Who do you belong to?

“And so when I started to look at belonging, what I realized is that it is a spiritual practice, and it’s the spiritual practice of believing in ourselves and belonging to ourselves so fully that we find what’s sacred in not only being a part of something, like our DNA calls us to be, but also, we find sacred the need, on occasion, to stand alone in our values, in our beliefs, when we’re called to do that, as well. And so, to me, this idea of true belonging is a type of belonging that never requires us to be inauthentic or change who we are, but a type of belonging that demands who we are — that we be who we are — even when we jeopardize connection with other people, even when we have to say, “I disagree. That’s not funny. I’m not on board.”

–Brené Brown

Listening to Krista Tippet’s recent interview on OnBeing got me thinking. I decided a while ago that I don’t belong in the U.S. It just stopped making sense when I got back from Nicaragua in 2015. All of the things I love doing don’t pay and I didn’t feel like I could be a service to my own community. How could I belong here?

Brené reminds us that when we decide we don’t belong, what we experience lines up with that belief. I decided a long time ago that I don’t belong in Austin. I never felt like I belonged in my family. I didn’t feel like I belonged in church. I don’t remember when I started to feel that way… it may have been when I was little after being sexually abused… or maybe it was from the negative feedback I received constantly from my older sister about never being good enough.

I use to always want to know why. And now I know. So now what?

Lately I’ve been focusing on my foundation. Belonging to myself. Not simply connecting the dots about where I’ve been and my experiences that brought me here. But what makes me who I am? I want to live in alignment with my core beliefs, and now that they have shifted from shame to love, my foundation shifted too. Establishing a life based on self-love is a completely different way of being. It means that I don’t say “yes” to everyone else. In fact, I’ve spent the week saying “no” to job opportunities, people, and events.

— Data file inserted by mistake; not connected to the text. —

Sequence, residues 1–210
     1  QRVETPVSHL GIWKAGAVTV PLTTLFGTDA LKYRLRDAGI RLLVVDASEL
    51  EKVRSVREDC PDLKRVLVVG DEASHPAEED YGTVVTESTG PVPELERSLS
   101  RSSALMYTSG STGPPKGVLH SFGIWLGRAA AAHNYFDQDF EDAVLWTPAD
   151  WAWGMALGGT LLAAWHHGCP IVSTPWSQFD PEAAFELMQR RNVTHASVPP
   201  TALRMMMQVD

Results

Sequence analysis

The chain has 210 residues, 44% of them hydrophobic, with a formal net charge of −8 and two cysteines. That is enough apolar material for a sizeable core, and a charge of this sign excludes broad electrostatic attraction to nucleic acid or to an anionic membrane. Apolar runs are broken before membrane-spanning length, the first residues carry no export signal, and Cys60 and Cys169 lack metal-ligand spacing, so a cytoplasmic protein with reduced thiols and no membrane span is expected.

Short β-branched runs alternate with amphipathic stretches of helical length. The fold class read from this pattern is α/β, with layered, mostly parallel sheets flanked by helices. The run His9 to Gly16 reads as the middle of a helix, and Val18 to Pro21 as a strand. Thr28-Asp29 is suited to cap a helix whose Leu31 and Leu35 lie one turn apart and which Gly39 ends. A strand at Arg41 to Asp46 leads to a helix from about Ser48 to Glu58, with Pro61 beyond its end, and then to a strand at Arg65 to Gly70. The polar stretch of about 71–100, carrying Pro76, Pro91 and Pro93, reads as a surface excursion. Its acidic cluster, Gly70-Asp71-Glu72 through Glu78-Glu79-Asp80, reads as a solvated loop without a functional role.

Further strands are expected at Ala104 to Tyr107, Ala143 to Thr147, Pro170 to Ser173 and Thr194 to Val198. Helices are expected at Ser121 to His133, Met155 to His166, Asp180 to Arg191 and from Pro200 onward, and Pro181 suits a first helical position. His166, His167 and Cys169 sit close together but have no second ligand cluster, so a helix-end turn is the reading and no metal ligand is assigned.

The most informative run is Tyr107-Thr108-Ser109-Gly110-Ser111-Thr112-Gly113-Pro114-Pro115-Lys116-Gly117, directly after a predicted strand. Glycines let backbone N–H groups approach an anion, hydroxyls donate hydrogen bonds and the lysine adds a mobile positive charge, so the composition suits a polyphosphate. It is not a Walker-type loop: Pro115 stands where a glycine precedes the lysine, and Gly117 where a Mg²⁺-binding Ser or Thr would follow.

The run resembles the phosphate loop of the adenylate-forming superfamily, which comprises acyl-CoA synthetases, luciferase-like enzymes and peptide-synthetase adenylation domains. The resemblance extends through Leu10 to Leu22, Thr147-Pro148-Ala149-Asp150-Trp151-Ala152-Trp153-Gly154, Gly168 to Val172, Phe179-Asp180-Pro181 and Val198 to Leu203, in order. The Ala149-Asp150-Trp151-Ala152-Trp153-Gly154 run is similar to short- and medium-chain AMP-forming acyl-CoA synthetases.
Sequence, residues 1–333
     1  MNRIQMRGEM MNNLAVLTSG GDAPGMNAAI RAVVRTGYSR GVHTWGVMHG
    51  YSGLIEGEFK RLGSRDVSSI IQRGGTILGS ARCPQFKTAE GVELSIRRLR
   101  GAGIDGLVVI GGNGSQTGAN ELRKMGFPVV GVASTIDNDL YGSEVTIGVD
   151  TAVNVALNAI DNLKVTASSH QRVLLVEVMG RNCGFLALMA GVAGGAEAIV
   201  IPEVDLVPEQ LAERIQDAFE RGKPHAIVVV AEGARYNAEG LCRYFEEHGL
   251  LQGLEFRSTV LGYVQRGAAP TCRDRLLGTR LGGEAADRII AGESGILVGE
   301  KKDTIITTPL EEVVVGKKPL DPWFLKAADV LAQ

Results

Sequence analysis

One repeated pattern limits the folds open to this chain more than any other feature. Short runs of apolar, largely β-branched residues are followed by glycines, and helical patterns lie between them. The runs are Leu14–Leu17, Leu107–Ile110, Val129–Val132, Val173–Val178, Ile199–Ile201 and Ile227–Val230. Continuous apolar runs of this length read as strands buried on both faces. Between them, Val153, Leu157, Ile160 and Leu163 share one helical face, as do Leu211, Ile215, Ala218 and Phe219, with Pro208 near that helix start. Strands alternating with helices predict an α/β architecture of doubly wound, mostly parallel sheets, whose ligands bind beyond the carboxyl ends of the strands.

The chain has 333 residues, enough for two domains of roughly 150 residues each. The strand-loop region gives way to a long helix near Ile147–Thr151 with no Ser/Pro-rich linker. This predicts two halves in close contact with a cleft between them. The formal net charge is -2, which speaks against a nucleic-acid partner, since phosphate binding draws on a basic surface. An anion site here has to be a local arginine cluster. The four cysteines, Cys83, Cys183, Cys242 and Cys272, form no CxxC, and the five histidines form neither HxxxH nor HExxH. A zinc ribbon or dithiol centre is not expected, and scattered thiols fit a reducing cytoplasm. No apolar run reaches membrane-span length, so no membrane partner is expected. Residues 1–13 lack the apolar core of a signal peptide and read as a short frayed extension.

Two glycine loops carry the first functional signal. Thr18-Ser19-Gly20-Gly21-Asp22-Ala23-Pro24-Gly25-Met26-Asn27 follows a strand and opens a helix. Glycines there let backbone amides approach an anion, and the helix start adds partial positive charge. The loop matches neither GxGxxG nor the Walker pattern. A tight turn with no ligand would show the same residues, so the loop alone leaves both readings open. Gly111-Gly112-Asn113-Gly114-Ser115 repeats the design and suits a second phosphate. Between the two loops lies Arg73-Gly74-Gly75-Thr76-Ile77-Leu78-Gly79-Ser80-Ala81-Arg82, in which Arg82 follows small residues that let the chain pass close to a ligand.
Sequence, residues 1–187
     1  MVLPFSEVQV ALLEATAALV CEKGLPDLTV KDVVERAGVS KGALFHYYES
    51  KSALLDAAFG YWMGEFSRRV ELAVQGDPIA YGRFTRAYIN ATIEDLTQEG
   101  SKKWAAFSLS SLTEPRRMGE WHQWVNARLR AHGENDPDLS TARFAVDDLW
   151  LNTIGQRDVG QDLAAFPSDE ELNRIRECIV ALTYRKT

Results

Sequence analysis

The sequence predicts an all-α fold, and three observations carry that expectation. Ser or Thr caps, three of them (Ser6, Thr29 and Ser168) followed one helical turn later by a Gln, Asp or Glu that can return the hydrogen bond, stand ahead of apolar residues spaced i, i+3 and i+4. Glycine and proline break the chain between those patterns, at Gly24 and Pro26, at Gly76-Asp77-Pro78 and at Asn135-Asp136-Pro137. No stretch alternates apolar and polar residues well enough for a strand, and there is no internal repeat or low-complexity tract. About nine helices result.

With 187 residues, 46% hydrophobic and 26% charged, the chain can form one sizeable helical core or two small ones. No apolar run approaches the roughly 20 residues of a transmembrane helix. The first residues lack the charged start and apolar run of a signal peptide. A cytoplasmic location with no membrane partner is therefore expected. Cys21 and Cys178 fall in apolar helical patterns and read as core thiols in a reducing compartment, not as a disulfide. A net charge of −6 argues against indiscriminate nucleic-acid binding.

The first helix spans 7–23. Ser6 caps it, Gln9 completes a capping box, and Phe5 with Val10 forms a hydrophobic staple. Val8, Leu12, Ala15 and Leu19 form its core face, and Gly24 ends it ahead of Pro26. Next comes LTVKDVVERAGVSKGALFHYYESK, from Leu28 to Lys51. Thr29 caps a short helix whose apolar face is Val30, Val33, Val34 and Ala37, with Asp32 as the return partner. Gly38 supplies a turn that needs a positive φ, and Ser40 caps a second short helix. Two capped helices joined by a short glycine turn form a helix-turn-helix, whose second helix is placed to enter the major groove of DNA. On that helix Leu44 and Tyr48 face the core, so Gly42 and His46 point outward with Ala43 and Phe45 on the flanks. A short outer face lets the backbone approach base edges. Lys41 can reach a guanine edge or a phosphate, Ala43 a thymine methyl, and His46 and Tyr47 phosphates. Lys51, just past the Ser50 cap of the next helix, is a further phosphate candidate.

“We must be able to say what is ‘not me’ in order to have a ‘me’. What we like has no meaning unless we know what we don’t like. Our yes has no meaning if we never say no.” –Henry Cloud

My boundaries have been violated over the years, so I got pretty comfortable with living without them. Creating them now feels strange, like walking into the unknown. And I often have to feel uncomfortable before I recognize my body is expressing the need for a boundary.

When the body speaks, it shouts sometimes. Lately, I’ve felt a sharp knawing at my heart that says, “Listen.” And in order to listen, I have to be willing to feel. I couldn’t feel my heart for a long time. It was easier to ignore it. So as I sit on the floor, writing songs and sitting in my mess of emotions on a Saturday night, I’m saying YES to myself. And when the tears come, they come… and then they go, like clouds passing through the sky. Some linger for longer, and some just pass by. I tell myself, “Take it easy, take it slow,” and that’s what right now is for. Eventually, the sky will clear. Until then I sit and sing to myself.

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